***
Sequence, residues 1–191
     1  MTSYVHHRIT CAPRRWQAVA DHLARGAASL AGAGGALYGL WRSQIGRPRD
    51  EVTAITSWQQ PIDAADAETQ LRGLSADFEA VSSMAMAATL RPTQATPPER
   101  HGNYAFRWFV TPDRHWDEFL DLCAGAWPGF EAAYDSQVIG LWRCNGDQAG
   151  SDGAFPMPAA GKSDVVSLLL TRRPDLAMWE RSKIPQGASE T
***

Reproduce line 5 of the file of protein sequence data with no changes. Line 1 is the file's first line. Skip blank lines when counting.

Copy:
   151  SDGAFPMPAA GKSDVVSLLL TRRPDLAMWE RSKIPQGASE T